Picture a tree with roots spread out in several different directions, says Rev. Nancy Steeves, the minister of Southminster-Steinhauer United in Edmonton.
“The roots of Christianity reach back 2,000 years,” she says. “And they’re very diverse but we always seem to come to a place where they’re squeezed into the trunk of orthodoxy. What pushes through the ground is constrained and identifiable.” Finally, the trunk gives way to branches that reach into as many different directions as the roots.
Steeves feels herself rooted in the Christian tradition as she reaches for “an emerging understanding” of the sacred. “We see spirituality permeating everything,” she says, referring to those in her congregation who feel they have moved beyond the concept of God as a transcendent, personal entity. “It’s like [the Jesuit priest] Pierre Teilhard de Chardin said: ‘We are not human beings seeking a spiritual experience; we are spiritual beings living a human experience.’”
Like Steeves, eight percent of survey respondents do not conceive of God in personal terms. This includes 12 percent in this category who say they don’t believe in God at all, and 78 percent who say their belief in God depends on what one means by “God” — indicating that they may conceive of God as an abstraction or a sacred but impersonal force. People in this category — let’s call them “nonconformists” — are sometimes labelled non-theists or post-theists. A few could be considered agnostics or even atheists.
Most nonconformists who are willing to offer an opinion on Jesus say he was a reformer or political rebel. “Jesus was a real human who carried a message of reform for the Judaism of his day and wound up inadvertently starting a new religious tradition,” says Thomas Creighton, 80, of Halifax.
Seventy-eight percent agree Jesus was killed because his popularity threatened the authorities of his day, and most believe the story of his resurrection was told to bolster the idea that he was God. “I’ve always known in my heart that the stories we were told were just that: stories,” says Brenda Armstrong, 42, in Leamington, Ont. “I knew the purpose of them was to teach us lessons.”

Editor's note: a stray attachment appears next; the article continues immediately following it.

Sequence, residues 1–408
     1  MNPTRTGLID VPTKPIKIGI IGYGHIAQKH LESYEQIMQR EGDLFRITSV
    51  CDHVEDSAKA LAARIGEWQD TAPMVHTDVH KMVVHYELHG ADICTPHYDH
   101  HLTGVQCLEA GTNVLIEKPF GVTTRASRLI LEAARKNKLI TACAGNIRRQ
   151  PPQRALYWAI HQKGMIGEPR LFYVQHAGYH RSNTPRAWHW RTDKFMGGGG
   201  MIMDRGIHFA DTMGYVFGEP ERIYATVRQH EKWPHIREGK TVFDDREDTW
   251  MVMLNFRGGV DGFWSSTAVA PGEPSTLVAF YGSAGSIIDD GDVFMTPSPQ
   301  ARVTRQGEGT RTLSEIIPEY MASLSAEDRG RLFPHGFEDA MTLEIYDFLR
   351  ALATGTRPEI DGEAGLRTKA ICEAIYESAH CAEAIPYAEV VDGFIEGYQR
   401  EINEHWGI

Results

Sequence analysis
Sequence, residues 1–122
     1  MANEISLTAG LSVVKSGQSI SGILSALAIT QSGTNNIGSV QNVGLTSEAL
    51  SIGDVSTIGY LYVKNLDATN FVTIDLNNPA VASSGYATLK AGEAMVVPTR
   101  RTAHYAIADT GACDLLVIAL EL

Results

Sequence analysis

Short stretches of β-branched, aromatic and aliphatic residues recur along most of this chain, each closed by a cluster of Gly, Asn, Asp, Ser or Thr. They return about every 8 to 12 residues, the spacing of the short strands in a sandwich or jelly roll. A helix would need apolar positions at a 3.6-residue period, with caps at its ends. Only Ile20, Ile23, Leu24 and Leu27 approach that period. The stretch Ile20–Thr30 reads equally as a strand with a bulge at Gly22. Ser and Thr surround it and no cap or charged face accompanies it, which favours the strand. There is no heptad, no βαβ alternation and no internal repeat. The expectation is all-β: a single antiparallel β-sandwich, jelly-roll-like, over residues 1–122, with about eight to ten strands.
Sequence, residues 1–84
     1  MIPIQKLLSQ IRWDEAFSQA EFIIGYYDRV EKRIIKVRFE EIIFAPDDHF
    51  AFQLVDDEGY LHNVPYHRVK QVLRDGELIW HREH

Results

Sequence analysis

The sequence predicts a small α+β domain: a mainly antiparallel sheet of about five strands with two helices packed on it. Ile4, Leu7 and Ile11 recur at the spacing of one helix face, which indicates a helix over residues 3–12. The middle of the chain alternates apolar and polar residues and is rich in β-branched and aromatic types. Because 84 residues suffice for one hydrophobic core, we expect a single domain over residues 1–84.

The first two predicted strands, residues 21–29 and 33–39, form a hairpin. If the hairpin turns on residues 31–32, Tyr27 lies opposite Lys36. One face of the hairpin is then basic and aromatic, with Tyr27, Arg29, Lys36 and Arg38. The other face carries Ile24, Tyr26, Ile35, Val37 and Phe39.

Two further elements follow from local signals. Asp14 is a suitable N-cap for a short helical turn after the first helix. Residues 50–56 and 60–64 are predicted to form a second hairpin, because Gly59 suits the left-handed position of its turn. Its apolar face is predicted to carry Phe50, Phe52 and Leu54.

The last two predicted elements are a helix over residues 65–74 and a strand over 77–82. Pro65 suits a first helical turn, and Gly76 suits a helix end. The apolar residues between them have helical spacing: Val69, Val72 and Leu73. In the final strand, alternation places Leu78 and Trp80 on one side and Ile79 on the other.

Nevertheless, many people in this group maintain a sense of spirituality, offering reflections like, “When I picture God, I imagine the unaccountable resonance that I feel when I sing certain old hymns,” or “The open prairie has long been for me an important symbol of the divine, a spaciousness that relativizes.”
“To me, God is a concept that describes the connection of all people to each other and to all living things on the Earth,” says Armstrong, who — like six in 10 of the nonconformists in the survey — believes she feels the presence of the sacred from time to time. “It happens rarely because it takes so many factors to reach the perfect storm,” she says. “But once I felt it at a U2 concert with 20,000 people, all in the moment, experiencing the music. It was amazing.”
Sixty-two percent of nonconformists recorded that they rarely or never pray. But some might do something similar. “I like talking out my hopes and thoughts,” says Creighton. “I don’t know if I’m talking to anyone, but it helps.”
The Bible is seen by 82 percent of nonconformists as a collection of writings by humans trying to advance religious understanding. Most do not rate the Bible as very important to their faith, although some, like Armstrong, see great value in the teachings of Jesus. “He could really think out of the box,” she says. “With his parables, he could see things that other people couldn’t and still can’t.”
Nonconformists take part in the United Church for a variety of reasons. Some were immersed in the Christian tradition earlier in life and grew away from its traditional understandings without rejecting it as a whole. Creighton, for example, grew up singing in church — “I’ve been a choir boy off and on since I was nine” — and he holds great admiration for Christianity’s moral teachings, particularly social justice. “I also love the fellowship it offers,” he says.
There is great concern about climate change among nonconformists. Almost eight in 10 agree that it could lead to human extinction sooner rather than later, and 40 percent consider climate change to be the most pressing issue for United Church people today, “and it is among the most pressing issues for all people,” adds one respondent.
“If you don’t see this life as a dress rehearsal for the next one, and you don’t think this world is going to be replaced when it passes away,” explains Steeves, “then it gives you a heavier sense of responsibility for caring for the world.”
Samantha Rideout is a freelance writer in Montreal.
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